Enter your data for Binned Scatterplot

Graph > Binned Scatterplot

Enter the x- and y-variables, define the gradient, select the scales to make similar, and enter the by variables.

Graph > Binned Scatterplot

Enter the Y-variable and X-variable

Graph > Binned Scatterplot

You can graph the x and y-variables as individual pairs or you can graph every combination of the x-y variables. The y-variable is the variable that you want to explain or predict. The x-variable is a corresponding variable that might explain or predict changes in the y-variable. All columns must be numeric, and each x-y variable pair must have the same number of rows.

X-Y pairs

Select to display a separate graph for each pair of x and y-variables that you enter. In this worksheet, Debt Ratio is the y-variable and Age is the x-variable. The graph shows the relationship between debt ratio and age.

C1 C2
Age Debt Ratio
45 0.80298
40 0.12188
38 0.08511
... ...

Each Y versus each X

Select to display a separate graph for each possible combination of x and y-variables that you enter. In this worksheet, Debt Ratio is the y-variable and Age and Income are the x-variables. Minitab creates two graphs, one that shows the relationship between debt ratio and age and another that shows the relationship between income and age.

C1 C2 C3
Age Debt Ratio Income
45 0.80298 45,000
40 0.12188 75,000
38 0.08511 52,000
... ... ...

Select what the gradient is defined by

Graph > Binned Scatterplot

Select how you want to define the color scale of the bins on the binned scatterplot.

Frequency of binned data
Select to define the gradient scale by the number of observations in the bin.

In this example, bins with 180 observations or more are dark red. Bins with 60 observations or fewer are dark blue. Bins with between 60 and 180 observations are lighter shades of blue, red, and gray.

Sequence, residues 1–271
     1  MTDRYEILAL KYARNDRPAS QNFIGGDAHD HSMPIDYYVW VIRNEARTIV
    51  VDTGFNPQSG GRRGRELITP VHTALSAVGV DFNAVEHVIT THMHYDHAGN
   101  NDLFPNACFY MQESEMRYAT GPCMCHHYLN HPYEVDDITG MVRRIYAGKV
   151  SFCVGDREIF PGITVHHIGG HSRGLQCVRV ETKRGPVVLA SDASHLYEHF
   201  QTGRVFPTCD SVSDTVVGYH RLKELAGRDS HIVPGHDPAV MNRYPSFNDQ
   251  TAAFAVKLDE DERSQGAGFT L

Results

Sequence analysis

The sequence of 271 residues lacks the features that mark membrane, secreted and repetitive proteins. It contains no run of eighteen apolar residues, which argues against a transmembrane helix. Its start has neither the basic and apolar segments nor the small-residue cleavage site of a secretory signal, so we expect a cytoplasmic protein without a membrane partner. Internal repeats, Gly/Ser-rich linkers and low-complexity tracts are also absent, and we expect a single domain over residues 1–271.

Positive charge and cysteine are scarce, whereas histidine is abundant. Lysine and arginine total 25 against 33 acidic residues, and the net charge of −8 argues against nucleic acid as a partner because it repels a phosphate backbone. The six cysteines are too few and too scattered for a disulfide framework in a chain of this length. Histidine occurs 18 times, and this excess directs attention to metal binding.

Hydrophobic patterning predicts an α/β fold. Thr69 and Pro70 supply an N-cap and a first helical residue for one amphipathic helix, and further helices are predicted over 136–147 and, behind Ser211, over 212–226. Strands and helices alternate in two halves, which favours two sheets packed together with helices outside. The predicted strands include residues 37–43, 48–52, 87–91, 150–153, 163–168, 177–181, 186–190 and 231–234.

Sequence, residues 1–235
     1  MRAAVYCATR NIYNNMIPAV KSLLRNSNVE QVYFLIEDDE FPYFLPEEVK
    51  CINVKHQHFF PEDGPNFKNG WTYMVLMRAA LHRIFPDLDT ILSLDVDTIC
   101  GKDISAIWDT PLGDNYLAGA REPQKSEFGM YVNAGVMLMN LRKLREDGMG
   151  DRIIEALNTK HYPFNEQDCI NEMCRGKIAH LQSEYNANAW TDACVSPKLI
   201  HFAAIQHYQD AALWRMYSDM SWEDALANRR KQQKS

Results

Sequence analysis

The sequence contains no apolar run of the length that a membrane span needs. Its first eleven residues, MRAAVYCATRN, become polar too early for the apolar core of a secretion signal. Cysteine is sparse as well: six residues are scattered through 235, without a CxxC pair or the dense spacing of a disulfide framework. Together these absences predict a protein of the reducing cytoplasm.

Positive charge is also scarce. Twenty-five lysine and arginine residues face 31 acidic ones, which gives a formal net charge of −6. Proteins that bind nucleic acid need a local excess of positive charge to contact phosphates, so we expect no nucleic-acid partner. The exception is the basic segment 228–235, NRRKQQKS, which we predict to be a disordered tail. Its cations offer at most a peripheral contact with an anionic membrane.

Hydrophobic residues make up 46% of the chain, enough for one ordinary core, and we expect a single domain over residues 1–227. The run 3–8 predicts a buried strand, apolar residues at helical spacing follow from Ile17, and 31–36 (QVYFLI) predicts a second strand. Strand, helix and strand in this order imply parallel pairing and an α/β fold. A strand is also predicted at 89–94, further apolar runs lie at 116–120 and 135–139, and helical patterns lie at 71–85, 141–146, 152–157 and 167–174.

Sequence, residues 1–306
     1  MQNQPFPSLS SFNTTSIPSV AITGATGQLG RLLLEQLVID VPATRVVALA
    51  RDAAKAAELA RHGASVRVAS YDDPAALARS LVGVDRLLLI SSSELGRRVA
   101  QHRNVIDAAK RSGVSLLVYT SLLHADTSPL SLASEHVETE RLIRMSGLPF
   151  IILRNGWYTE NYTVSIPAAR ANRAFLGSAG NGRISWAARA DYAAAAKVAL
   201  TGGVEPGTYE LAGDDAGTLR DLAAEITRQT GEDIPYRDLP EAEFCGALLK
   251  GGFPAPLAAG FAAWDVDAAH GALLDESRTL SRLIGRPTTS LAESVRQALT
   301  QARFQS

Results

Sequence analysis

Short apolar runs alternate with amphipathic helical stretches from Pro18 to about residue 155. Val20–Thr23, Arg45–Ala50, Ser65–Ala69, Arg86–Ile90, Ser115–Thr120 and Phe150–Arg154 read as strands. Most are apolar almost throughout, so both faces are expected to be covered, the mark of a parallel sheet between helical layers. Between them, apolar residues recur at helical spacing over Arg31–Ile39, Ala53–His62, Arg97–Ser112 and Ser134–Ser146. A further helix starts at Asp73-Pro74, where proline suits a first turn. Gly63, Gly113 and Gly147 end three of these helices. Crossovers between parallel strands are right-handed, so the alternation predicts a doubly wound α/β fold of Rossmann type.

Mean of variable
Select to define the gradient scale by the value of a third variable.

In this example, when the average value of all observations of the third variable is greater than 5, the bin is dark red. When the average value of all observations of the third variable is less than 1, the bin is dark blue. Bins with average values between 1 and 5 are lighter shades of blue, red, and gray.

Select the scales to make similar

Graph > Binned Scatterplot
Use the same scale across multiple graphs. These options become available when you enter more than one pair of columns in X-variable and Y-variable.
Same X-scale
Use the same x-scale across all graphs.
Same Y-scale
Use the same y-scale across all graphs.

Enter the By variables

Graph > Binned Scatterplot
Enter one or more grouping variables in By variables to create a separate binned scatterplot for each level of the grouping variables. The columns that you enter can be numeric or text, and must be the same length as the columns in X-variable and Y-variable. The y-scales for each variable are the same across the multiple binned scatterplots.
Show all combinations

When you enter multiple By variables, Minitab enables the Show all combinations checkbox. Select this option to create a separate binned scatterplot for each combination of groups created by the By variables. If you do not select this option, Minitab creates a plot for each group of each By variable.

For example, the first By variable has 2 groups, Male and Female, and the second By variable has 2 groups, Employed and Unemployed. If you select Show all combinations, Minitab creates 4 separate plots for the combinations of Male/Employed, Male/Unemployed, Female/Employed, and Female/Unemployed. If you do not select Show all combinations, Minitab creates 4 separate plots for Male, Female, Employed, and Unemployed.

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